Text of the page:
If the only thing that Uncut Gems contributed to cinematic history was a blisteringly excellent scene during a Passover seder, then, in the parlance of “Dayenu” that’s sung during the meal by Jews around the world, “It would have sufficed”. Yet the Safdie brothers’ most recent film is an ode to obsession and anxiety that twists our emotions.
Adam Sandler plays Howard Ratner, a diamond merchant who’s over his head in gambling debts and looking for one last score. He arranges for a large rock to be schlepped from Ethiopia in hopes that it’ll bring him the fortune he’s been waiting for. Along the way, the rock becomes a talisman and is borrowed by a famous basketball player (Kevin Garnett, playing a heightened version of himself). Demany (Lakeith Stanfield) is a fixer of sorts who brings in the big money to Howard’s shop, while Ratner matriarch Dinah (Idina Menzel) keeps the family going despite their impending breakup.
These disparate elements swing back and forth, resulting in a film that’s bleakly comical while at the same time dark and somberly violent. Co-writers/directors Josh and Benny Safdie have been honing this balance over their last several projects, and in many ways this is the culmination of their efforts. While Uncut Gems doesn’t have quite the sordid fascination of Good Time, their latest feels perhaps the most formed of their filmography.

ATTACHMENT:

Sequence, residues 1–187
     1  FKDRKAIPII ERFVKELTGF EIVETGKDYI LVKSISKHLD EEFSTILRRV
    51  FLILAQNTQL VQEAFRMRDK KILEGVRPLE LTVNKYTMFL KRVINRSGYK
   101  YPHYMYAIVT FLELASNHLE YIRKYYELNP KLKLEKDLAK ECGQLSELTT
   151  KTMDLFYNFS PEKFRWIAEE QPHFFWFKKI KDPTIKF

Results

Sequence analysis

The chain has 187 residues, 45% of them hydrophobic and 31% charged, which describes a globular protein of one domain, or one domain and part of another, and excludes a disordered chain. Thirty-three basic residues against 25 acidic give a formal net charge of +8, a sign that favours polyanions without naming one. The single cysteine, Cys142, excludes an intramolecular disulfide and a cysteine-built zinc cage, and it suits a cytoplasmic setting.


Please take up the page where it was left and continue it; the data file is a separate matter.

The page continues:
The casting of Sandler is one of the film’s greatest achievements. His sense of angst, paranoia, and idiocy makes Howard’s nonsense perfectly believable. The comedian is known for his silly voices, and it’s sometimes jarring when his tone shifts to an angry timbre that’s more reminiscent of Happy Gilmour than, say, a pissed off Al Pacino. However, this adds greatly to the character, making even his most effusive outbursts seem simultaneously unhinged and inadvertently funny.
The film’s convoluted structure will be a slog for some, but the character interplay is fantastic, and is quite evocative of the works of Martin Scorsese (who executive produced the film), where a world of misfit hoodlums all know which buttons to push to make their opponents squirm.
The griminess of the New York setting is both nostalgic and romantic, which makes the urban jungle feel particularly unsettling in contrast to the suburban settings that trade overt threats for passive aggression. Howard’s entire life is collapsing around him due to his hubris and addictions, yet he has enough guile to make the audience root for his philandering ways. Despite all his obnoxiousness, he’s a likeable guy that we get swept up wanting to see succeed.
Uncut Gems is a wonderful exercise in twisting audience emotions. It’s both exhausting and aesthetically rewarding, and has a buzzing sense of drive where each moment feels like you’re falling down a cliff and banging on the slope along the way. In lesser hands, this would make for a surly, predictable movie, but thanks to the Safdies’ gifts and some exceptional performances, we’re treated to one of the most thrilling, anxiety-inducing rides of the year.